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Deep Thinking The Human Condition

New Ideas We Can't Do Without

Clarion Review (4 Stars)

Saving humanity from itself takes both brains and bravery. S.A. Odunsi shows he has both in Deep Thinking the Human Condition. In this first of three volumes Odunsi introduces his readers to the idea that perhaps governments have been approaching the problem of persistent underdevelopment and persistent poverty in the wrong ways and that social science the camp that provided the foundation for the current approach to social issues at a global scale has been doing more harm than good.

Odunsi claims that social scientists have too long been assumed to be the experts on the human condition and are the ones who are supposed to solve painful crises around the globe. But problems within the field—like an ever-increasing number of specialties and a lack of repeatable comprehensive experiments such as those found in other sciences—have led to stagnation in the discipline and an inability to make even incremental headway in helping certain populations rise above their current level of production.

The solution? Promoting functionality among the members of these populations. Odunsi rejects the premise that only in higher education can be found the trade and managerial skills people need to better themselves; functional talents which include leadership and entrepreneurial skills imagination inventiveness and creativity ignite individuals without a university degree. Odunsi offers that the world needs to rethink its dependence on social science and academic credentials.

A few minor style issues may distract readers from Odunsi’s main arguments. In spite of his complaints about academia and its failure to solve the problems of persistent underdevelopment and persistent poverty Odunsi writes in a very academic fashion. He is a skilled writer with well-formed ideas but he may reach a limited audience of readers willing to invest the time and effort it takes to decipher his work; his book is not an easy read. Also Odunsi focuses heavily on the failures of social science and tends to leave his proposed solutions on the fringes of his book. Hopefully this balance will shift in subsequent volumes. Another difficulty is Odunsi’s habit of frequently referring his readers to future chapters for further illumination; this technique may be occasionally useful but turns disconcerting when used so often.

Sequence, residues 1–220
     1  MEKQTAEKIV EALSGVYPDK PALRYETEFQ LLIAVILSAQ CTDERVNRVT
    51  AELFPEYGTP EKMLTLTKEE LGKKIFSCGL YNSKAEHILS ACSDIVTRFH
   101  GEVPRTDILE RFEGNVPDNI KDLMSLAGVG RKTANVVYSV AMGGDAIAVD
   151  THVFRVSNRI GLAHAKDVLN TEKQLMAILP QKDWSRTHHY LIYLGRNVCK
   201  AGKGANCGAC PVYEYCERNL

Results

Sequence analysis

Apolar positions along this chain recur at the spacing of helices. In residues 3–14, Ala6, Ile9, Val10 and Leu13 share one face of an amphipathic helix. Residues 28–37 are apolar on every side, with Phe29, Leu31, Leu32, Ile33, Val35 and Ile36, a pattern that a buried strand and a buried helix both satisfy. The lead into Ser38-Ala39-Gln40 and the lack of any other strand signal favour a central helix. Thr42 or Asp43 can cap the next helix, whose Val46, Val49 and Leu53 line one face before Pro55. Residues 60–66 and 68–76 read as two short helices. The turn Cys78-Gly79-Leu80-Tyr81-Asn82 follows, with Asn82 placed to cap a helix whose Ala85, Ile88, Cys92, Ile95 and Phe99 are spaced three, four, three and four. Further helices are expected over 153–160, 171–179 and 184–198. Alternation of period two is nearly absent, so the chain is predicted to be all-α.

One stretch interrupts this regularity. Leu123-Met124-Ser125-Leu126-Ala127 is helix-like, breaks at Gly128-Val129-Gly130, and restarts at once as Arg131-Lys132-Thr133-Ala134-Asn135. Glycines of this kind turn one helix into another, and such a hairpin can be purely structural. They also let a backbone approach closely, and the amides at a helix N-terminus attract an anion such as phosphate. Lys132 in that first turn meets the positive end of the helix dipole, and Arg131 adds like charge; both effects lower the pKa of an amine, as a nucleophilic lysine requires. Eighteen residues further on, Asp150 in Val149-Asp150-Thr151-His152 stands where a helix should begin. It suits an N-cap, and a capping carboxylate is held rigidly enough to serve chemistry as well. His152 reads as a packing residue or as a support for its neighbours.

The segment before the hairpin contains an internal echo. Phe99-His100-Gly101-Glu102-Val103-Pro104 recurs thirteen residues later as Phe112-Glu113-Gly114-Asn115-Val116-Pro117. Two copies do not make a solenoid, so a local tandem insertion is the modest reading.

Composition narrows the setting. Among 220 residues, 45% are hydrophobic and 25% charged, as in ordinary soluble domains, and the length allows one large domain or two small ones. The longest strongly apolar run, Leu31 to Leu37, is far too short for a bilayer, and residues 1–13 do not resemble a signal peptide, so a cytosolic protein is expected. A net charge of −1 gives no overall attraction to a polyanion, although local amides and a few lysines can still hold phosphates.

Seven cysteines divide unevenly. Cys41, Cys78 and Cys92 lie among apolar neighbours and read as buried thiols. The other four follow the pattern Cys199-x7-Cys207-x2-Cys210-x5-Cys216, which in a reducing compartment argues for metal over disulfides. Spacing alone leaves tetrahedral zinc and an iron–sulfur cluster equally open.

Despite these lapses Odunsi’s book is a valuable addition to the current global discourse. He challenges preconceptions and accepted versions of history and asks his readers to reach further for solutions to the deplorable conditions many people confront in their daily lives. The human population must take care of itself and Odunsi’s book helps strengthen our commitment and brings us one step closer towards an end to poverty.

Andi Diehn